The Times reported Wednesday that federal health officials are discussing increasing production of the drug with Caliber Biotherapeutics, a Texas-based company that uses tobacco plants to produce the medicine in large quantities.
Separate efforts in collaboration with two of the world's biggest charities -- the Bill and Melinda Gates Foundation and the Wellcome Trust -- would have HHS coordinate production of ZMapp using animal cells. According to the Times, that method would take longer, but once up and running, would tap into the resources of the world's pharmaceutical companies, vastly increasing output.
Still, even with these efforts, experts estimate that only hundreds or thousands of treatment doses would be available by early 2015.
ZMapp was used over the past few weeks to help treat seven patients, including American aid workers Dr. Kent Brantly and Nancy Writebol, who became infected in West Africa. They and three others survived, but two patients who got the drug died.
Frieden stressed that Ebola is not easily transmitted -- to become infected a person must come into direct contact with the bodily fluids of a person who is suffering symptoms. Those symptoms include fever, muscle pain, vomiting and bleeding and can appear as long as 21 days after exposure to the virus.
The Duncan case in Dallas is the sixth to be treated in the United States since the Ebola outbreak began in West Africa last spring. An unidentified American doctor who had been working in Sierra Leone is currently being cared for at a hospital at the U.S. National Institutes of Health in Washington, D.C.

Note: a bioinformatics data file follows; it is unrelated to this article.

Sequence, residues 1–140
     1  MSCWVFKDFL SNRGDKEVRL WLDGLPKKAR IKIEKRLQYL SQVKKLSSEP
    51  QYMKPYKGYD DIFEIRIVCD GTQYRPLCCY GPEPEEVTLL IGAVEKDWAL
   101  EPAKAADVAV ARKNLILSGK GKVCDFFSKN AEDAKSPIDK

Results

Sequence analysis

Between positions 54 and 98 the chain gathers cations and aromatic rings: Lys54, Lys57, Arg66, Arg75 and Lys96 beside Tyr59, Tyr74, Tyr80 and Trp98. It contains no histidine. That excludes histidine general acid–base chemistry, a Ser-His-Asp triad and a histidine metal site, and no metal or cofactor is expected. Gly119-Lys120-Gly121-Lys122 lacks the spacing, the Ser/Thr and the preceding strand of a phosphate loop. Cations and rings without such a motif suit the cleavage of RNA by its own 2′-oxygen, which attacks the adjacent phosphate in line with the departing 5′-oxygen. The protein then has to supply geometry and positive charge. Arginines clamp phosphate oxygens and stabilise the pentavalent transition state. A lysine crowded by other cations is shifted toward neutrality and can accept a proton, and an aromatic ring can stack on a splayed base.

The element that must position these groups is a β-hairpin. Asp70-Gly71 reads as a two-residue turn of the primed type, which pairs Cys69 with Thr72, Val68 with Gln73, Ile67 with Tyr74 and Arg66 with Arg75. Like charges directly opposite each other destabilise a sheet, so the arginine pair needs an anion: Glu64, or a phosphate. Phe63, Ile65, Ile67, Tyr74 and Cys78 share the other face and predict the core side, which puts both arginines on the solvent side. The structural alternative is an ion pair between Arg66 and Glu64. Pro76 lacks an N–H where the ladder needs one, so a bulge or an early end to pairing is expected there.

Three others -- including Brantly and Writebol -- who became infected with the virus have recovered, while a fourth continues to undergo treatment at Emory University Hospital in Atlanta.
The Ebola epidemic in West Africa is the worst outbreak ever of the disease. So far, an estimated 6,500 people have become infected and nearly 3,100 have died in the countries of Guinea, Liberia, Nigeria and Sierra Leone, according to the World Health Organization.
U.S. health officials have warned that the epidemic could strike as many as 1.4 million people by mid-January unless the global community mounts a rapid response to the crisis.
For more information on Ebola virus, visit the U.S. Centers for Disease Control and Prevention.